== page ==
December is the season of market reversals. If the market has moved in one direction in the months prior to December you can expect a u-turn in the last month of the calendar.
December 2008 was an excellent example. The euro had been falling against the dollar since July. But in early December it suffered a violent reversal, appreciating 17% in two weeks. This shift anticipated nothing in January; the united currency promptly resumed sinking in the first quarter until it bottomed in early March. The vault higher in December had nothing to do with fundamental changes in the currency or in interest rates.
The reason for the volatility is liquidity — or rather the almost complete lack thereof. The largest players in the currency markets, the banks and funds, close their books for December. Without their volume stop loss orders protecting profits often drive trading. The resulting currency rates reflect those few inputs and not the decision of the entire market. Consequently rate levels reached in December rarely stand. Witness the trading of history of the five Decembers before 2008.
In December 2007 the euro plummeted from a high of 1.4769 in the first week to a low of 1.4309 in the third. In the following three weeks it reversed up to 1.4921.
In December 2005 the euro fell from a high of 1.2058 in the first week to 1.1777 in the last week of the month. But at the start of the New Year it switched gears, rising to 1.2181 and continued higher to 1.2322 by the last week in January.
Trading in December 2004 was similar. From a low of 1.3139 early in the month the euro climbed to 1.3665 on the final day of the year. But by the end of the first week in January it had sunk to 1.3025 and continued falling to 1.2731 by the second week of February.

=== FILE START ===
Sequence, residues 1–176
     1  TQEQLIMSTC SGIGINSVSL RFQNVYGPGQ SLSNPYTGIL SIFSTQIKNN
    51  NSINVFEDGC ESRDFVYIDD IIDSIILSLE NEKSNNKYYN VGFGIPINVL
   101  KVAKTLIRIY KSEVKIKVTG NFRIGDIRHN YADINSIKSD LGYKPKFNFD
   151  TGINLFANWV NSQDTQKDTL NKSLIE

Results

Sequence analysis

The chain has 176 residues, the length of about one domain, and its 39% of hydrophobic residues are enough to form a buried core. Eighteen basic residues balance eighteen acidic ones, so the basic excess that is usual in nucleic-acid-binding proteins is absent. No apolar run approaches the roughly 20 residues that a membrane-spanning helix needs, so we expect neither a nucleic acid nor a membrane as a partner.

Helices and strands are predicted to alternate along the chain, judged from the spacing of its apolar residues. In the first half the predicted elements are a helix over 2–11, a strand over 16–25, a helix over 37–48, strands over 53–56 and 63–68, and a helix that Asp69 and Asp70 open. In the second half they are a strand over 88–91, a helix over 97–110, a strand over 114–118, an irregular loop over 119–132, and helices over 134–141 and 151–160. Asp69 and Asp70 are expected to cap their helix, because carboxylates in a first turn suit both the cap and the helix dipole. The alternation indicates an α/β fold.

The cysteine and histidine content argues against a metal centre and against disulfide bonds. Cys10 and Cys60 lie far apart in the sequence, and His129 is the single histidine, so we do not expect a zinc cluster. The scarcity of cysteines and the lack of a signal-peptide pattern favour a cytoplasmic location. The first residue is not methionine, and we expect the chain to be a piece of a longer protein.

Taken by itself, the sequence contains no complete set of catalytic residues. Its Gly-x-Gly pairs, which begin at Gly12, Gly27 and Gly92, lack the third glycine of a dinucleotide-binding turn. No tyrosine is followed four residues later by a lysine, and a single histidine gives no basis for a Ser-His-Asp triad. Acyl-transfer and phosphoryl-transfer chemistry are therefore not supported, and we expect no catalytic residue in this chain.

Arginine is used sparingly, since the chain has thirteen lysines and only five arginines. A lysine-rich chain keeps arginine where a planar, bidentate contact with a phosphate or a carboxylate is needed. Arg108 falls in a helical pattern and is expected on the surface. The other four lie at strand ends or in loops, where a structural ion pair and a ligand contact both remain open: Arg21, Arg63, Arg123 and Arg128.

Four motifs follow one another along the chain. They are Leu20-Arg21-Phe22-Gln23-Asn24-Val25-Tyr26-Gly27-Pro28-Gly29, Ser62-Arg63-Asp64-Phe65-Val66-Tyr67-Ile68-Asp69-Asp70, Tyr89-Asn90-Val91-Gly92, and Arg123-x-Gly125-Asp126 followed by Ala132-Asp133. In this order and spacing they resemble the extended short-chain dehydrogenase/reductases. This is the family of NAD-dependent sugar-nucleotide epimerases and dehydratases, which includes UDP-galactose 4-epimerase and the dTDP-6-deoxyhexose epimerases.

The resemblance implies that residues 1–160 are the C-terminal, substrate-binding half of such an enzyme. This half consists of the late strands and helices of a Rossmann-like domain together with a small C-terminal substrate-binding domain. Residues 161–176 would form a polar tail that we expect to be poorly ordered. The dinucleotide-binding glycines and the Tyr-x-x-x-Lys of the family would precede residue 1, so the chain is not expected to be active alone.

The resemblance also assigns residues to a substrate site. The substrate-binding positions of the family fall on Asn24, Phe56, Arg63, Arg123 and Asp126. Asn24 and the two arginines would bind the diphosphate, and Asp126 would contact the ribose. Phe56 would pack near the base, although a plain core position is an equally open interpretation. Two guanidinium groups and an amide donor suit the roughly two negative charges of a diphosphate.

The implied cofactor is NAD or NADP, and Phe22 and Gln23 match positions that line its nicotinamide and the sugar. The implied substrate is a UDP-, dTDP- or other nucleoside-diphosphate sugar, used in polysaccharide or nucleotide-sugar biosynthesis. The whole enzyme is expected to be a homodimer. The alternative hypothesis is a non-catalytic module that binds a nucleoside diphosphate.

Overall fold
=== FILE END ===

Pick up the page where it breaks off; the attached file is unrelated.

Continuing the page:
In December 2003 the euro rose from 1.1937 in first week to 1.2910 on the first trading day of the New Year. It then suffered a month long drop to 1.2218.
Only December 2006 does not conform to this pattern. From a high of 1.3366 during the second week of the month it dropped to 1.3090 by the final week. It then continued to fall in the New Year to a low of 1.2865 in the second week of January.
The reason for these reversals is simple. The market movement in December represented only a small fraction of the market opinion. When the mass of traders return in January they have, in five out of the past six years, expressed an opinion different than the conclusion of December.
So there are two ways to play the end of the year. If there has been a trend going into December it is a much better than even bet that there will be a profit-taking reversal sometime in the month, often in the first two weeks when major players are winding down but not yet absent. But that move does not usually last into the New Year, so you can play the reversal of the reversal in January as well.
But before you step into January ask yourself if the December move stems from a fundamental change in the currency’s outlook. This year we may have that once in a decade event for the U.S. dollar. If U.S. interest rates continue their December run into the New Year the dollar will also. But either way be prepared for some unusual volatility.